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This week’s front page editor


Sunny Hundal is openDemocracy’s social media editor.

Constitutional conventions: best practice

Obama's Afghan challenge

An underfunded and undermanned operation creeps towards disaster on the frontline of the "war on terrorism"

Ugly geopolitics surface in Kabul bombing

Pakistan should draw the right lesson from the carnage of yesterday's blast at the Indian embassy in Kabul, says Kanishk Tharoor

Hamas: talk to them

A scrutiny of Hamas's history, thinking, internal politics and relation to the Palestinian public makes the case for dialogue with the movement, says Jeroen Gunning.

Relighting the peace pipe

Local responses wrestle with global consequences as Pashtun secularists in Pakistan's northwest have begun talks with Islamist militants.

Europe’s Afghan test

Afghanistan's hope of progress and security is withering. Europe must lead a new coordinated new strategy before it is too late, says Daniel Korski.

The dimensions of terrorism

Attending the launch of the International Centre for the Study of Radicalisation and Political Violence, Anthony Barnett weighs both the prevailing and unconventional wisdom on fighting terrorism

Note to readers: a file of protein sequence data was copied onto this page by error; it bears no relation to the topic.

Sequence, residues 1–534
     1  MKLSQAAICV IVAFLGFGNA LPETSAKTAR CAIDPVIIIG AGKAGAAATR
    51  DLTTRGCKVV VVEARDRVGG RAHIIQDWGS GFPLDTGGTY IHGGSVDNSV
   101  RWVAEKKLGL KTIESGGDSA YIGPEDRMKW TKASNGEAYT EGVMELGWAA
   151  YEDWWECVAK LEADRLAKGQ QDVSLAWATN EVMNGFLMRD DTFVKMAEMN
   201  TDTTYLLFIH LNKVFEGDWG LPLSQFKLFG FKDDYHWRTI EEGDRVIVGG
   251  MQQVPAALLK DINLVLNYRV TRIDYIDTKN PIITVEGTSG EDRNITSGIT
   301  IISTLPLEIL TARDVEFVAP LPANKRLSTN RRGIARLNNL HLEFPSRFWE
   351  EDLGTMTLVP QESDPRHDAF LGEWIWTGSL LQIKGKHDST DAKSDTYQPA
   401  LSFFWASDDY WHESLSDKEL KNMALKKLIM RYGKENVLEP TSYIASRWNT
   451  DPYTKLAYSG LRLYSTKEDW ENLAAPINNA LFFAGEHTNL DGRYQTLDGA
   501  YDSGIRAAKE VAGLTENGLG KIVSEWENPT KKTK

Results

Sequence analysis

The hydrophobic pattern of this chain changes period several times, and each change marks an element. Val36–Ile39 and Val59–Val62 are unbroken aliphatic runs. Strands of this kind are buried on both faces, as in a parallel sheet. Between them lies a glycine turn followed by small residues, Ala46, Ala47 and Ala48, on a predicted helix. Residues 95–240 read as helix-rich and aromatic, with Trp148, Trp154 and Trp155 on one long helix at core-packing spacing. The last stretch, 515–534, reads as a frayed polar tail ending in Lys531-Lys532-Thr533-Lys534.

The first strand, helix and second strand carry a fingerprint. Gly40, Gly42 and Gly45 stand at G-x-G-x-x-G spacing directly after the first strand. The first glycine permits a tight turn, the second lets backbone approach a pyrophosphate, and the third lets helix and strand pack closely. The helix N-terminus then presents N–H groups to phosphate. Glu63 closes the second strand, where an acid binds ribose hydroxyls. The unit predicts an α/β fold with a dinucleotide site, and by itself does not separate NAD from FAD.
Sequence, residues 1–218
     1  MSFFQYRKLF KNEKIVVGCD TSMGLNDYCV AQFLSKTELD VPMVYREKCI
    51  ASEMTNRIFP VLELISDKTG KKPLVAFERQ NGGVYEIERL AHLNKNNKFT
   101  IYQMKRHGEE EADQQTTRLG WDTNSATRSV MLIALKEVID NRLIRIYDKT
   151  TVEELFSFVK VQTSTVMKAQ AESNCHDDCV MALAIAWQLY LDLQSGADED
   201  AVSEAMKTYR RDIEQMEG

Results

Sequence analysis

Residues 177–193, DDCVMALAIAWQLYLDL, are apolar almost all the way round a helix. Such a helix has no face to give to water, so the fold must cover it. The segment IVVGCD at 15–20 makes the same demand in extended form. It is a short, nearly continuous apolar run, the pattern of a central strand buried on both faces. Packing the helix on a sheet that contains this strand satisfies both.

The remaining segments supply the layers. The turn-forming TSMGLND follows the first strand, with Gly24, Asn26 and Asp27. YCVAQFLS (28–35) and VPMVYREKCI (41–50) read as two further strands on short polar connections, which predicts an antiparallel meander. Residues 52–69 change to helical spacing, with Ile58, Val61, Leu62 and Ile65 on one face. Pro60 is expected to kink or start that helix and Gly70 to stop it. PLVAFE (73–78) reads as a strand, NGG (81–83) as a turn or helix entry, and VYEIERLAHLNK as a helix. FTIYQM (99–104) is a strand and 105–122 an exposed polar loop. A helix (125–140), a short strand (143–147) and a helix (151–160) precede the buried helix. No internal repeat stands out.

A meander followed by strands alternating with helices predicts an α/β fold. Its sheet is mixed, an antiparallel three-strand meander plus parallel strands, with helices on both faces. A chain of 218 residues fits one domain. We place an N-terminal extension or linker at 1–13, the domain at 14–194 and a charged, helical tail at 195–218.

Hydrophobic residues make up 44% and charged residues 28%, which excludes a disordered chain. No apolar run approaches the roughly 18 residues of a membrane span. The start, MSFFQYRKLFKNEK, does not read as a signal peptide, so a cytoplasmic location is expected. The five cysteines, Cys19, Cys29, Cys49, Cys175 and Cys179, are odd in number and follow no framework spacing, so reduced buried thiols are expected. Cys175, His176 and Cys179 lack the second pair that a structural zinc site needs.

The resurgence of the neo-Taliban

A potent mix of ideology, ethnicity, strategy and social discontent fuels intensifying insurgency in Afghanistan, says Antonio Giustozzi.

The SWISH Report (9)

In light of developments on the ground from Iraq to Afghanistan-Pakistan and the United States itself, the al-Qaida movement again solicits advice from the respected management consultancy.

Turkey and the Kurds: everybody's problem

An escalating cross-border conflict shouldn't suppress the fact that the interests of Turkey, the Iraqi Kurds and the United States converge over the militant Kurdish PKK group, says Soner Cagaptay.

Afghanistan: necessity and impossibility

Geopolitics will make needed negotiations between Kabul and the Taliban impossible

Al-Qaida: from centre to periphery

The choice between fighting smarter against and negotiating with al-Qaida is rendered false by the movement's own dispersal, say Ram Manikkalingam & Pablo Policzer.

Dropping "muqawama"

By excising "armed resistance" from its language, Mahmoud Abbas' Palestinian Authority lays the groundwork for popular struggle in the occupied territories.

The quest for peace

In a fragmented political landscape, peace is a long way off in the southern Philippines

Learning from the past

In fighting terrorism, the White House and Downing Street need to brush up on their history

Al-Qaida in India

As India celebrates its 60th birthday, the bubble of liberal Indian Islam may burst under pressure from without and within

Attacking the victims

Blaming the Kurds for the dispute over Kirkuk is to miss the forest for the trees, says Kani Xulam in his response to Sheth Jerjis

The fate of a city

With Kerkuk's contentious fate to be decided in December, Sheth Jerjis lays out the Turkmen case against the referendum